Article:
Herewith a few points about the 10.2.10 rally, held under the bland signboard, One Nation, Working Together. I emphasize the word “points”--this is not an actual summation. It is not undertaken collectively, based on an initial analysis and a plan on how to take part in what was obviously going to be one of the more significant political events of 2010. I hope different forces produce such summations for us to study, compare and learn from.
1. Solidarity Day comparison
My sense of things is doubtless jaundiced by decades spent slogging to DC for big protests, but I am not alone in making a comparison to Solidarity Day in 1981, the first year of the Reagan era. A deep recession was devastating the country and the newly elected president was going all out to break the striking air traffic controllers’ union, PATCO. The shaken AFL-CIO bureaucracy issued an unprecedented call for a national, union-led March on Washington, and a fired-up rank and file responded. Hundreds of thousands poured into DC for a determined and angry protest.
Objectively, the trade union movement is very different from what it was in 1981, and substantially weaker. That one had big, big contingents from the United Auto Workers, the Steelworkers and other traditionally majority male bailiwicks. Those unions, like the Meatpackers and too many others, are a shadow of what they were then, devastated by outsourcing, union busting, technological change
While I saw Machinists and Teamsters in good numbers, from far afield--Ohio, Pittsburgh, etc., it was the service unions which dominated last Saturday. The SEIU was clearly the biggest the biggest single force this time. The United Federation of Teachers was another with big member turnout.
While 10.2.10 reflected changes in the economy and the trade union movement, it didn’t really reflect probably the most significant change. There were certainly contingents from the immigrant workers movement, but where were the numbers and the spirit of the great levantamiento of 2006, where millions waged one-day general strikes that slowed or stopped city after city?
Participation in general was spotty. Some unions didn’t take part at all, or participated only in a token way. I didn’t see big contingents from the two largest postal unions, the APWU and the NALC, even though they are facing the combination of management attack, non-union competition and technological obsolescence (courtesy of the Internet) that devastated many of the old “basic” industries in the run-up to 1981. It’s possible that I missed them in a large crowd, but I know for a fact that my own former local, NY Metro, the largest APWU local in the country, didn’t send a single solitary bus to DC.
Finally, the spirit was different. Though conditions are worse than they were in the Reagan Recession, we have a smaller, feebler union movement, with less of a sense of itself as a sleeping giant roused to anger. 10.2.10 was not only less angry but more tentative.
I have had to go through my initial draft of this and insert the word “rally” in a dozen places where I originally wrote “march” or “demonstration” (and even, once, “protest”). Although it was sometimes billed as A March for Jobs, Peace and Justice, there was no march, no central show of strength. Folks streamed into the rally site, stood or milled, listening to the speakers--or not--and trickled out in a growing flow even as latecoming contingents continued to stream in.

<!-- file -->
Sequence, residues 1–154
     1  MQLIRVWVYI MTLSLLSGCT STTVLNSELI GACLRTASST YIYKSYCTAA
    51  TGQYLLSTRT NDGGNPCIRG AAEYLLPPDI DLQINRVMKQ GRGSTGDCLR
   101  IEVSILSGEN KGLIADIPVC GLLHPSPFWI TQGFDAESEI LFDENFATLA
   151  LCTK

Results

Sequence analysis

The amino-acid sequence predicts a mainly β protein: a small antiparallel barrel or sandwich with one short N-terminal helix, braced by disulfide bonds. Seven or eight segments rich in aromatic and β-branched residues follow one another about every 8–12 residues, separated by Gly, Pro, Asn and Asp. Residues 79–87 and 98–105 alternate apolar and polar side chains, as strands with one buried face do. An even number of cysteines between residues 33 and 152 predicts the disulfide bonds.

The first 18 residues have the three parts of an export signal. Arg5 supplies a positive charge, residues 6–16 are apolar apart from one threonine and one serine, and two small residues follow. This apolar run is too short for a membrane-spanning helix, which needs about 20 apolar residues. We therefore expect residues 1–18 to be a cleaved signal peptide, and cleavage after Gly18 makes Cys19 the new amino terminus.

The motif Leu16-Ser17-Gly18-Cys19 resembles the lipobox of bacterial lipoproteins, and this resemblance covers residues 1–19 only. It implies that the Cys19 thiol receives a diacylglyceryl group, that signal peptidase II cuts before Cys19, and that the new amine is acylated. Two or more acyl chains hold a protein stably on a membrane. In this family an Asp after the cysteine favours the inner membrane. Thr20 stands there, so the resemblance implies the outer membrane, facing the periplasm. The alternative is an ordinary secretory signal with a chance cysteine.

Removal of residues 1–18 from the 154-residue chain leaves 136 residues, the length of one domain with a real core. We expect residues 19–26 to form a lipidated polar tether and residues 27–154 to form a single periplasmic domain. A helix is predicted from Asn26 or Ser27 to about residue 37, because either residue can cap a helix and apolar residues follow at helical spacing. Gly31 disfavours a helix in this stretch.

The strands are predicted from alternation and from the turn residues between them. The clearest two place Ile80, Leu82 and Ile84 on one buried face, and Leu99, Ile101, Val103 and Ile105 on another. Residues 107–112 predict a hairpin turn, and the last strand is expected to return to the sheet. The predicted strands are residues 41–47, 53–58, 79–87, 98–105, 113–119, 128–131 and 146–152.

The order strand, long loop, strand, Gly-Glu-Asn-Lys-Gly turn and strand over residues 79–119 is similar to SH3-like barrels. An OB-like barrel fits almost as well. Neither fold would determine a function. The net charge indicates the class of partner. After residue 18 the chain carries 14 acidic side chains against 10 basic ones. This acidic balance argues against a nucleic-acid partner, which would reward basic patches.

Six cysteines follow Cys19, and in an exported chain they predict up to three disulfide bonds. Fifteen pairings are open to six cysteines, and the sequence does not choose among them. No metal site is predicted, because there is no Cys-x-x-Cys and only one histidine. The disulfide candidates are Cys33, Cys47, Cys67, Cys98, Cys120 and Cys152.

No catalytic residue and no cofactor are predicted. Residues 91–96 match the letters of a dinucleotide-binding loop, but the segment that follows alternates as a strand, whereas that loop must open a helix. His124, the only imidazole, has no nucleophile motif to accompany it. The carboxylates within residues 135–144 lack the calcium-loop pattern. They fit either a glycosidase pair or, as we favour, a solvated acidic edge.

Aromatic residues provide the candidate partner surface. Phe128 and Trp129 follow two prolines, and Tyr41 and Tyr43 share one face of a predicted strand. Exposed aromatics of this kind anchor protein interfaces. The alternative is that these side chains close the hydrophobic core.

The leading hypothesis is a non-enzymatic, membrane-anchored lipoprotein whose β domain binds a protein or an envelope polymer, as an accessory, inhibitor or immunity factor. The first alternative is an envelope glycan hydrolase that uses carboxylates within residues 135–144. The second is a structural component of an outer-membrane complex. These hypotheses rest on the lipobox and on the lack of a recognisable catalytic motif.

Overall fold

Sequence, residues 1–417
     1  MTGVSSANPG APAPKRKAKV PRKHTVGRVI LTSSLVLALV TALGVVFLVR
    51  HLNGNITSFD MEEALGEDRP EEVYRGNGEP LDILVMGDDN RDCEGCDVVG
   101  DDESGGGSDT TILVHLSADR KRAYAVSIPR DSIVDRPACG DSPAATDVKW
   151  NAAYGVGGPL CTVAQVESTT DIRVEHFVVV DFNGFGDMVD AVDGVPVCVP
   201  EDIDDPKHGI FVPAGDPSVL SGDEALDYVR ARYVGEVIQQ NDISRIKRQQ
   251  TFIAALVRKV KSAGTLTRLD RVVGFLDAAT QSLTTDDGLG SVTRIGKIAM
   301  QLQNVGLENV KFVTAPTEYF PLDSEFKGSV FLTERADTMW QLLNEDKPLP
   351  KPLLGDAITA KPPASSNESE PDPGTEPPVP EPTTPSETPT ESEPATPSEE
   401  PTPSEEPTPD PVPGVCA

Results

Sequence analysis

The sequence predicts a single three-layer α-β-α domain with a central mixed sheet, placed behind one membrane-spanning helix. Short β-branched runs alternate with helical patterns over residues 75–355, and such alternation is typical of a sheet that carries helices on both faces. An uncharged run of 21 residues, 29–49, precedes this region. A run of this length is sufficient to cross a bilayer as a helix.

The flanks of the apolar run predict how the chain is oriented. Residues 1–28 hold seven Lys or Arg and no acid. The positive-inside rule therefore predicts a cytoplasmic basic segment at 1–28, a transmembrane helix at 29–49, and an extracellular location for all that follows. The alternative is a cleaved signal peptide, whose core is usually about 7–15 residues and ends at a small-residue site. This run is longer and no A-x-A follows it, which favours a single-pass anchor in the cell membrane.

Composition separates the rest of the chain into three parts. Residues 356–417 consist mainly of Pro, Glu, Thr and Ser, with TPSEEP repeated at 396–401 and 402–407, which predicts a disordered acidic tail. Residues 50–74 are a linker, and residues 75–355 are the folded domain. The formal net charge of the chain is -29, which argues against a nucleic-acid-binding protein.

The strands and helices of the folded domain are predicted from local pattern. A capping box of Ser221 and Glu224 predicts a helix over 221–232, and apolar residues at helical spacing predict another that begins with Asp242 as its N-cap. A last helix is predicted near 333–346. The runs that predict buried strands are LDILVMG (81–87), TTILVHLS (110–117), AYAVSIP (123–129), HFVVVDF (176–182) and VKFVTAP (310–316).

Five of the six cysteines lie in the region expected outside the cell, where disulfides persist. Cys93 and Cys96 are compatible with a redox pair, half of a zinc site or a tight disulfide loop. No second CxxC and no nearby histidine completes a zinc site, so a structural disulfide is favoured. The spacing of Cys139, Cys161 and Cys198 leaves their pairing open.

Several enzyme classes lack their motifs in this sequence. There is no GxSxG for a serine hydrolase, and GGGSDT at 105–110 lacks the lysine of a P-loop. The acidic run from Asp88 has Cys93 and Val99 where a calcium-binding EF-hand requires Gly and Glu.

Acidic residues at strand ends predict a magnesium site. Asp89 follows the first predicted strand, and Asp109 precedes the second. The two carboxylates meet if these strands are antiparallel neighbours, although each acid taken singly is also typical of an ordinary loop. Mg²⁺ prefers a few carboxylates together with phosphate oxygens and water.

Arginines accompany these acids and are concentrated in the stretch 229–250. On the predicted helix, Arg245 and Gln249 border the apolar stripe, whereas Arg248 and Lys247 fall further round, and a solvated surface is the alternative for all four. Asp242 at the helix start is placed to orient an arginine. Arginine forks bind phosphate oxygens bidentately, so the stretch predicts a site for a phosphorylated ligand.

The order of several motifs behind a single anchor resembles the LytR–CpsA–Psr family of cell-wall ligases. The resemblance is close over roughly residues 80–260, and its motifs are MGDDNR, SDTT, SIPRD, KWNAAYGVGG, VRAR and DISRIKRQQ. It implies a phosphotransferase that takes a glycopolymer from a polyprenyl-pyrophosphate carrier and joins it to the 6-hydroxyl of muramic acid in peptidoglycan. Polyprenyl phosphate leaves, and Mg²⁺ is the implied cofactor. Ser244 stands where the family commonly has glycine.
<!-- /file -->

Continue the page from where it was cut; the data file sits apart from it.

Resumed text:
2. The Obama problem
And there was no clear target.
10.2.10 had an impressive list of Good Things it was calling for (I can’t say fighting for)--jobs, education, real health care reform, curbing the NAFTA version of free trade, stopping giveaways to the big banks, immigration law reform, rebuilding the infrastructure, and even, in passing, “peace abroad.”
Yet the main people denounced in 10.2.10 literature and by those speakers from the podium I heard were Republicans in Congress, corporate lobbyists, and the whole Glenn Beck, Fox News and Tea Party “Take Back America” crew. For all the mess left by the Bush administration and the obstructions posed by Senate Republicans, the fact remains that if goals like these are to be won, they won’t come from that lot. They must be demanded from the Democratic President, the Democratic House and the Democratic Senate and fought for. Hard.
Meanwhile, it was clear that a great many of the workers present were not about to listen to a bad word about President Obama. On my half-filled bus from the NYC Central Labor Council, I saw three people wearing their pins from Obama’s 2008 campaign and a woman with a tee-shirt that had his picture and the words “Commander-in-Chief” writ large in gold sequins above it. The heart of this sentiment was captured in one of those loomed-acrylic throws that usually depict woodland scenes or poker-playing dogs. This one was being carried as a small banner by two Black women who came on the other CLC bus--It had a picture of Obama superimposed on his current residence and the inscription “From Slavery To The White House.”
You could see the contradiction vividly in the plaintive pre-printed signs some unions distributed: We Want The Change We Voted For. And you could see it in what can be characterized as the main demand of the rally, directed not at the powers that be, but at rally participants: we should go home and plunge deep into Get Out The Vote operations for the Democratic Party in the mid-term elections. The alternative, it was suggested, will be certain doom if the Republicans do too well.
3. The crisis of legitimacy
A much more recent benchmark for 10.2.10 than Solidarity Day was the well-publicized turnout for the Restoring Honor rally in DC called a month earlier by Glen Beck, teevee lunatic and semi-official Tea Party mouthpiece, I confess that it was heartening that the trade unions and their allies also drew in the low six figures.